The moment the last ball had been hit at Wimbledon, all of us upped sticks from SW19 and headed south to France. The family’s grand old private villa had been a wedding present to my female boss, for one of her early marriages. It was nestled on top of a cliff a few kilometres from the Italian border with a magnificent panorama of the Mediterranean and all along the coastline towards Nice.
This was a truly multicultural, blended family which, due to several previous marriages, meant the children spanned in age from 3 to 23 and from Portuguese/German to Italian/Irish with some Swiss, American and British blood thrown in. European football tournaments were tricky times and on entering a room you never knew which language you might be facing. Day to day we settled on an Anglo-German mix. Except during the long summer in France, when we employed a Franco-Italian hybrid to ease communication with the influx of Italian cousins, from just over the border.
My male boss, if ever he fell on hard times, could buy a red suit, fashion himself a beard and easily find work as Father Christmas. Throughout the business pages he was renowned for his ruthlessness, but I only ever saw a jolly, enthusiastic, gourmand of a man. I did believe the business press. In the days when the Internet came through a cable and existed only on laptops in offices or studies, my male boss had a problem opening an attachment. He was starting to get frustrated and I opened my mouth to offer to try to help, his step daughter caught me with a sharp flash of a glance. The flash said NO. I assumed she knew what she was talking about so I closed my mouth and didn’t offer help. Over the next few hours the frustration built to rage. My boss resolved this by demanding his head of IT flew the 1,500 miles from head office to come to him to open the attachment.
My female boss was the essence of demure; she’d been popping out children since her twenties. Calm and confident, she felt no need to throw her weight about. She adored men as much as they adored her and she was always married. She entered marriages with her own money and left marriages with no bad feeling. All her former husbands were frequent visitors, not just to see their shared children, but to have a game of tennis or to stay for dinner.
This particular year we discovered various new things had come to entertain us in the usually comfortably unchanging world of Cap Ferrat.
First of all there was a new tennis coach, who the girls liked and the boys compared unfavourably to the pervious coach. Phillipe had once won something famous and had now gone to live with his daughter in Melbourne. The new coach, Marc, was a sociable chap and after the evening lessons on the courts at the top of the garden he would stop by the kitchen to pass the time of day with me. If I wasn’t too busy with dinner I would join him on the terrace beside the kitchen. In common with most French men he thought talking to a chef was a bit special. They seem to view it as though the pilot of the aircraft came out of the cockpit and walked down the aisle to talk to you, and you alone, about how the flight was for you. He liked to question me on how I was to prepare the ingredients I was serving at that night’s dinner. He’d often nod in approval.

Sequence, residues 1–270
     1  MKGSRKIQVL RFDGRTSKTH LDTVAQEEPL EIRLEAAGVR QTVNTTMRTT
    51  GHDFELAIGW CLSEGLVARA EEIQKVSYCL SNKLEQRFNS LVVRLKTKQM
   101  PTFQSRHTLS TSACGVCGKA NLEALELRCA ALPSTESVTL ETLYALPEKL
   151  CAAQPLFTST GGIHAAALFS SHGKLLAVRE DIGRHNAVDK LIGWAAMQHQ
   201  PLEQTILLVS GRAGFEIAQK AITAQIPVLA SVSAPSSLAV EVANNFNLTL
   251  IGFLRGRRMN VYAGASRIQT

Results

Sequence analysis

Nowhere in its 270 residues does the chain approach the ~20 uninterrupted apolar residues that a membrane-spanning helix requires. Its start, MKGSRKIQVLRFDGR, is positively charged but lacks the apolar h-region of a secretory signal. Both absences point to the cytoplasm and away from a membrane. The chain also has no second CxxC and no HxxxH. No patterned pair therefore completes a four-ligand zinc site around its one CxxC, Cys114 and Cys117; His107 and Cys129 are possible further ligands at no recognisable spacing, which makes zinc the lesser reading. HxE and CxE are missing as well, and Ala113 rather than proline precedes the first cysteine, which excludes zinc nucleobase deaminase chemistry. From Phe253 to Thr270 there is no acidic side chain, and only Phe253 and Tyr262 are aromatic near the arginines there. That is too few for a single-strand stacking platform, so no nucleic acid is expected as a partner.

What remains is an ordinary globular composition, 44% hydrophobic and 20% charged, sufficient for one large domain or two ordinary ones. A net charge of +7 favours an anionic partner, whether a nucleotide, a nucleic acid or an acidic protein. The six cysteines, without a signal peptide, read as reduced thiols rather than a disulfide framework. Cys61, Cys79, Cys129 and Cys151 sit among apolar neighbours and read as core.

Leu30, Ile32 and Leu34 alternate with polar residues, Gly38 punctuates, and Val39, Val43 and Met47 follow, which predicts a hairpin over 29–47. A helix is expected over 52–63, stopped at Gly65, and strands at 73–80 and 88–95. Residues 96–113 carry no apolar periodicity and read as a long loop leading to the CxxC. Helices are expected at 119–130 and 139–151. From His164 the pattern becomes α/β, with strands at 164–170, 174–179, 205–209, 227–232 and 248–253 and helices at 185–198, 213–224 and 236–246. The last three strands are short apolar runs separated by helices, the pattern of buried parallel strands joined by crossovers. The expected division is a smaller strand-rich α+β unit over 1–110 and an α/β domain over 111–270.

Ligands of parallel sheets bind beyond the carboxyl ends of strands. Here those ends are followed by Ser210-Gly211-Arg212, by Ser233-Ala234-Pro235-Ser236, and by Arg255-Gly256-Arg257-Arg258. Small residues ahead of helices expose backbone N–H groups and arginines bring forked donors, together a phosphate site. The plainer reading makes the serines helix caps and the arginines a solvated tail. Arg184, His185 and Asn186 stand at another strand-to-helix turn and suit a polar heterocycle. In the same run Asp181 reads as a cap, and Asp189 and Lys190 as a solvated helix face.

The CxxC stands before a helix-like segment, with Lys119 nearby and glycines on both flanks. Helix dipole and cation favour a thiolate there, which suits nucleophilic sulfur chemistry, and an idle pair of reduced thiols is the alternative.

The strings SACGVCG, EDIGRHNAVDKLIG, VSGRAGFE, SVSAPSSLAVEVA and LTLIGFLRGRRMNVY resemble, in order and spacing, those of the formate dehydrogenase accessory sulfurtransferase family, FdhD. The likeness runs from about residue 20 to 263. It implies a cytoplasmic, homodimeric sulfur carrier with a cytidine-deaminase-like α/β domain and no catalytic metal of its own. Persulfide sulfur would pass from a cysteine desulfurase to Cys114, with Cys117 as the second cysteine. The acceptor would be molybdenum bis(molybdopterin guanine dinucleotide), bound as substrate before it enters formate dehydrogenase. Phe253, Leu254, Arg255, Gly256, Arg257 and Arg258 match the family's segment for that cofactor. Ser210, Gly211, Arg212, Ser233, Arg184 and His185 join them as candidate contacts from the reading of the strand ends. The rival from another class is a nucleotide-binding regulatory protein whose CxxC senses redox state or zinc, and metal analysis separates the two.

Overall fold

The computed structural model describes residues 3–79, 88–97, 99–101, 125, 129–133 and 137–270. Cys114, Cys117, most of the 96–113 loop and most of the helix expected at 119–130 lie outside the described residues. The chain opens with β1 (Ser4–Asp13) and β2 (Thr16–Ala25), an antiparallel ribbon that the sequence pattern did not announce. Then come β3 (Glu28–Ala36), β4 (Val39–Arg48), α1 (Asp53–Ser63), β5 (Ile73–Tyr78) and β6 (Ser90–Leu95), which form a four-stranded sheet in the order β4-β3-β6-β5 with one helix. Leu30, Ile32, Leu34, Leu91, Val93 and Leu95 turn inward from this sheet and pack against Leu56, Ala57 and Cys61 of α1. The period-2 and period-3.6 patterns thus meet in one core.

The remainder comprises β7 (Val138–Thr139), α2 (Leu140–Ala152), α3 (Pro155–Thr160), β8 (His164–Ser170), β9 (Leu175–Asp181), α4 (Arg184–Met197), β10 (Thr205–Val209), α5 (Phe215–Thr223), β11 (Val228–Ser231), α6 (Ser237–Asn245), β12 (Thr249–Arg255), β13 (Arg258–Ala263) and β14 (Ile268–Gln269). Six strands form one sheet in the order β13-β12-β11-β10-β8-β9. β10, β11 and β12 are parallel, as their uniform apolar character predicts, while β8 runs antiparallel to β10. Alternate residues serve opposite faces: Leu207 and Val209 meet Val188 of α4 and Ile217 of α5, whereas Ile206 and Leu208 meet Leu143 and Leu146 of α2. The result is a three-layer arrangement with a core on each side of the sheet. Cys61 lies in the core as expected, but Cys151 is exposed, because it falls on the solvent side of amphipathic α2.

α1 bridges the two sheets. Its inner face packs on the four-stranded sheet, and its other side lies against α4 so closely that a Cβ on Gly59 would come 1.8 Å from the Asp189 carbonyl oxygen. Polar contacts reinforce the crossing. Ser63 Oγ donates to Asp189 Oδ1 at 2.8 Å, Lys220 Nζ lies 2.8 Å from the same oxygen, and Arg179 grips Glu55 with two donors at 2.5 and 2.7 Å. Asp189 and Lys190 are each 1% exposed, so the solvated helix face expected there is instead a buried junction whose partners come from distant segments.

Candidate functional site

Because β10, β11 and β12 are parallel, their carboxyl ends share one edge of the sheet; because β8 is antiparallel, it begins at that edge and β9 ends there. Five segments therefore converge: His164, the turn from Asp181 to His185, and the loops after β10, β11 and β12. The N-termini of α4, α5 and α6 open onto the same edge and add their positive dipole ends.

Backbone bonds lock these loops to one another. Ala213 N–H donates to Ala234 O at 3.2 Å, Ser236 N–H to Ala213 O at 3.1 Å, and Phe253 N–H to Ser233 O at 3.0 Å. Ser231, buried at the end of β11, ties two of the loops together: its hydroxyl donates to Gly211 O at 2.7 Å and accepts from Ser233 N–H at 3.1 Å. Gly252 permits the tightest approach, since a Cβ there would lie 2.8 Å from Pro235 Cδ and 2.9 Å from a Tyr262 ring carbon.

Most socialising with staff or hanging out with the children took place on this little terrace, occupying a rare flat area beside the kitchen and up against the neighbour’s fence. In the heat of the day its shade, provided by a selection of lemon trees and a haphazard arrangement of jasmine plants, was in big demand. In the afternoon teenagers would gather at the simple wooden table and chairs to eat ice lollies, hassle me for beers (from the secret stash) and discuss plans for the evening. All of us would read stories to the younger children on the terrace. That summer the youngest’s favourite character was Bob the Builder. The older children, the Anglophone staff and my bosses would play a friendly game of one up man ship in our dramatic reading of Bob the Builder books. We would outdo each other with sound effects, over the top facial expressions and silly voices for Bob, Wendy, Dizzy, Spud and all the others. When we wanted a more active form of competition we would put on races with the radio controlled cars of the youngest boys. Race tracks would be marked out by the children and the older ones would engineer obstacles out of kitchen knickknacks, and cardboard boxes fished out of the recycling crate. None of us were above sabotaging our rivals and there was absolutely no thought of letting the little ones win. In this gladiatorial arena wins and losses were taken in good grace and only guests ever stormed off with a lost temper. The rest of the house might have been formal with Monets and Matisses on walls, however here on the kitchen terrace, the atmosphere was as relaxed as a campsite birthday party.